In five years, the band has played plenty of bars, birthday parties and galas. They put out one album, in 2003, called “The OneUps Volume 1.” They have plenty of fans: Mustin says that their annual OneUp Studios Barbeque in Fayetteville draws people from California, New York — and even the Netherlands. But they weren’t getting the big gigs, the big conventions. So in May 2006, Mustin disbanded the OneUps.

“It wasn’t like we hated each other or anything,” he says. “I’m just this crazy entrepreneur with messy hair and I don’t know what I’m doing. I’m just trying to figure out what to do to make (the band) work.”

In February, Mustin got a call from Robert Khoo, director of business development with Penny Arcade. He had heard that the band wasn’t playing together anymore, but would they maybe want to play PAX in August?

“I was running around the room screaming,” says Mustin. The band was back.

Dale North
The OneUps signed autographs and talked to their new fans for hours following their well-received set at the Penny Arcade Expo in August. The band hopes to be invited back next year.
After their 23-song set at the show, the line in front of the band’s booth stretched almost all the way back to Arkansas. They sold hundreds of CDs. Fans came up and told them how awesome their music was, how different it was from the usual rock stuff.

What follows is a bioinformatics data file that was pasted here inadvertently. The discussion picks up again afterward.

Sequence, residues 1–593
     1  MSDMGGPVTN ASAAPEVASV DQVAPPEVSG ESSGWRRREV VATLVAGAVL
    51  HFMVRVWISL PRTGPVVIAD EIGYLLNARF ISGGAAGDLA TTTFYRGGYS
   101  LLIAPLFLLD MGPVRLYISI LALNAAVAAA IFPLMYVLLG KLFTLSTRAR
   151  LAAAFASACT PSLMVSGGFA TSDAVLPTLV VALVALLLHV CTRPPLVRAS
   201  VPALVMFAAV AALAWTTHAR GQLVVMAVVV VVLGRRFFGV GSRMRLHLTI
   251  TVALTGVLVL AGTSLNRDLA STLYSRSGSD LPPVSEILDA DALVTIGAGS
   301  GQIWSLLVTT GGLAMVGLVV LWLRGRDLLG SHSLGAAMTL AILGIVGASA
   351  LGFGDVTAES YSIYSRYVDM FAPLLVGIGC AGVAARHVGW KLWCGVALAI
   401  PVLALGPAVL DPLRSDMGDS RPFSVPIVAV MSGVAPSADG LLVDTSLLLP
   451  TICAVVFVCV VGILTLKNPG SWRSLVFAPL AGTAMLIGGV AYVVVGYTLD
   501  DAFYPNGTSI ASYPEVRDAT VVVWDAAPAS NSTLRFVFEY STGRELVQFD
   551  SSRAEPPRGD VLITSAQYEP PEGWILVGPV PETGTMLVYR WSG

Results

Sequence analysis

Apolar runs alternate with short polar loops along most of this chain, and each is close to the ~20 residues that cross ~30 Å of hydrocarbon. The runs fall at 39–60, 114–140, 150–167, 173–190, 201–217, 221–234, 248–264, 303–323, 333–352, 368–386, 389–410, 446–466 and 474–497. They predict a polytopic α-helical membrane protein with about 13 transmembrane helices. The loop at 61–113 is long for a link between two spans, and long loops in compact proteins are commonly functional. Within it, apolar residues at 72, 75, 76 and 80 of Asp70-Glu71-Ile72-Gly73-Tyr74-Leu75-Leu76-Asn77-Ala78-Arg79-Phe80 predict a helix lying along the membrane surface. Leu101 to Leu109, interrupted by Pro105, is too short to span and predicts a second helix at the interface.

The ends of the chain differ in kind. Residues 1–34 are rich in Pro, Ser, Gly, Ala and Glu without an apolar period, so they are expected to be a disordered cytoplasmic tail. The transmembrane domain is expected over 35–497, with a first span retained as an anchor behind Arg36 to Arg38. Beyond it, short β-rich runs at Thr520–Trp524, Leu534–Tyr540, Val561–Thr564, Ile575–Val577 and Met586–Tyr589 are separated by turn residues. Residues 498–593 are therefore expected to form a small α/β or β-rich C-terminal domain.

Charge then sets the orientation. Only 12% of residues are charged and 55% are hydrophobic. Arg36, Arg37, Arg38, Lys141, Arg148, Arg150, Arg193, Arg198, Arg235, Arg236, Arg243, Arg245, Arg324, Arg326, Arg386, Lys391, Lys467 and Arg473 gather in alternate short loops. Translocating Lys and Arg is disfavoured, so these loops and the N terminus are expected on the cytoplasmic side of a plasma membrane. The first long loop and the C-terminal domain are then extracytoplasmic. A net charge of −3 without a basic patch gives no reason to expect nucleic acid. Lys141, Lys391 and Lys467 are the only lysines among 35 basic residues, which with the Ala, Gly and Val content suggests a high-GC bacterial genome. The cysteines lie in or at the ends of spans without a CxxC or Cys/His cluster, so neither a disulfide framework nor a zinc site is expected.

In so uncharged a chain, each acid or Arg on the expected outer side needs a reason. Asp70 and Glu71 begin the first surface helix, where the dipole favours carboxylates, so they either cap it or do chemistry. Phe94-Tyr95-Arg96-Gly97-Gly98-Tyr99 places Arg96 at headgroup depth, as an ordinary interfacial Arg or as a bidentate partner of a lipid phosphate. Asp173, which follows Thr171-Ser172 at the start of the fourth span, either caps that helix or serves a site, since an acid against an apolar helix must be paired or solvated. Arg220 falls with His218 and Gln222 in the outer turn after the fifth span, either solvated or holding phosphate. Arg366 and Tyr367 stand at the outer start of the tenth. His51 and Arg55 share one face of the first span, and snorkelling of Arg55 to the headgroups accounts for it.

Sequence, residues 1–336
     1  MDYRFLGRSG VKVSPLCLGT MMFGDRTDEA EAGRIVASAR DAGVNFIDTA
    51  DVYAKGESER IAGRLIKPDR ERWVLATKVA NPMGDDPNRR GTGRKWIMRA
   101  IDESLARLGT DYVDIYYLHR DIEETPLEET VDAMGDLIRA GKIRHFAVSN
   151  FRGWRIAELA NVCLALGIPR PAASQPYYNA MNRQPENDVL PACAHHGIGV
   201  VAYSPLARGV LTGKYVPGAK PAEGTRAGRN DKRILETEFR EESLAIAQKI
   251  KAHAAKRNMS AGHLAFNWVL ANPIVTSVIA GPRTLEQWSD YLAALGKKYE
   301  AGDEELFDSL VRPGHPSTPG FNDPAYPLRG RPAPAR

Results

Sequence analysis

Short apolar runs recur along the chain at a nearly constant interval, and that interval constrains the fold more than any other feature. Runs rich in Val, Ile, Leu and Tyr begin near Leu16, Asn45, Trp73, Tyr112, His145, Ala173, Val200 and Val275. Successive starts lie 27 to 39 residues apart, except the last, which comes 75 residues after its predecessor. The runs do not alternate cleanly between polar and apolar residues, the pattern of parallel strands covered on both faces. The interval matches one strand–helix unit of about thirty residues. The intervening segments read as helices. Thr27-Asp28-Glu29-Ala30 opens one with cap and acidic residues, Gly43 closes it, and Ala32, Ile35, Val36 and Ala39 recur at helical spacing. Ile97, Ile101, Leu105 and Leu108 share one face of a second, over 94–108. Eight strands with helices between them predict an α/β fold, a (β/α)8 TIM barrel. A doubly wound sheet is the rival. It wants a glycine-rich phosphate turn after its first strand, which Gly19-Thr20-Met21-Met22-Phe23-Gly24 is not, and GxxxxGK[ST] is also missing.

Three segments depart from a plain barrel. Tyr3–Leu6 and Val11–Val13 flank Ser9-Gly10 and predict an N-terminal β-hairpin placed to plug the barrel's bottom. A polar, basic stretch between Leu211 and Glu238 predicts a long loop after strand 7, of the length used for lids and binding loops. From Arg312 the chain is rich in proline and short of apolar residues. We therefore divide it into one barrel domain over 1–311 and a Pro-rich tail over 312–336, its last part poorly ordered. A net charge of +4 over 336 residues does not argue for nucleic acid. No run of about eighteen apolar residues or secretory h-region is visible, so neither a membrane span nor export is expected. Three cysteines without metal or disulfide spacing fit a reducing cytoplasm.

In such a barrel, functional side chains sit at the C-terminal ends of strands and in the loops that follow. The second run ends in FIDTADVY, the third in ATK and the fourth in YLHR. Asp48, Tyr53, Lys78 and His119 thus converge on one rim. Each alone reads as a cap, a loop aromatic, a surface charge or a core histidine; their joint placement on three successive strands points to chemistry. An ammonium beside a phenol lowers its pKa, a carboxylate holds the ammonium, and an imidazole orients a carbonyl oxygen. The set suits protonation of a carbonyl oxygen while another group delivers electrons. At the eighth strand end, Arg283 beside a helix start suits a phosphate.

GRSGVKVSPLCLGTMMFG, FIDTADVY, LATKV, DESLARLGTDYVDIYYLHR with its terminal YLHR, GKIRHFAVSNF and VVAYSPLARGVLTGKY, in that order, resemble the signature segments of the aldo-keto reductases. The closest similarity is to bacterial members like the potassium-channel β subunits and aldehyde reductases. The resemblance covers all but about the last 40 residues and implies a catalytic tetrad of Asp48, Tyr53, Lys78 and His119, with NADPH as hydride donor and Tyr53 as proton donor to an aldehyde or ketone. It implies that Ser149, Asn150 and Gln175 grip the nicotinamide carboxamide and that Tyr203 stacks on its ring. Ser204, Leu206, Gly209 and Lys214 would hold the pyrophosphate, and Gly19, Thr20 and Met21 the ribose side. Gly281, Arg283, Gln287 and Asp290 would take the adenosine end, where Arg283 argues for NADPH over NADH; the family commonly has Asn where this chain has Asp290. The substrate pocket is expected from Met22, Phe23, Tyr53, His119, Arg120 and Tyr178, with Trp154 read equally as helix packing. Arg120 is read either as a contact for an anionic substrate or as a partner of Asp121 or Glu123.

Elizabeth Walker, 21, made the trip to PAX from Central Washington University in Ellensburg. She had never heard of the band before that night, but she definitely considers herself a fan now.

“I’m a dork and I like video-game music,” she says. “They picked songs from old-school Nintendo and Super Nintendo games…and it was pretty exciting to hear the way that they’d performed these little electronic songs with real instruments. It was amazing, actually.”

As a result of the performance, the OneUps have been invited to play other conventions, such as Ikkicon, in Austin and AniMix 2008 in Temple, Texas. They got an invitation to play a guy’s birthday party in Chicago, and a girl’s bat mitzvah. But it isn’t easy to ferry seven guys to gigs.

“We’ve lost so much money playing gigs that we traveled to ourselves,” he says. “We’ll play anywhere for free as long as you get us there, and allow us to sell our CD.”

The band hopes to be invited back to play at PAX, and Mustin says they’d like to make a two-disc album and release it at the convention. And Mustin wants to record the entire soundtrack to “Super Mario Kart.”

More than anything, though, the band is excited that people are finally catching on to the fact that video game music can be really magnificent stuff.

“You could be playing ‘Mary Had a Little Lamb’ and if it has a funky groove, people are going to like it,” says guitarist Reyes. “We’ve helped people realize that video-game music can be just as cool as whatever music you normally listen to.”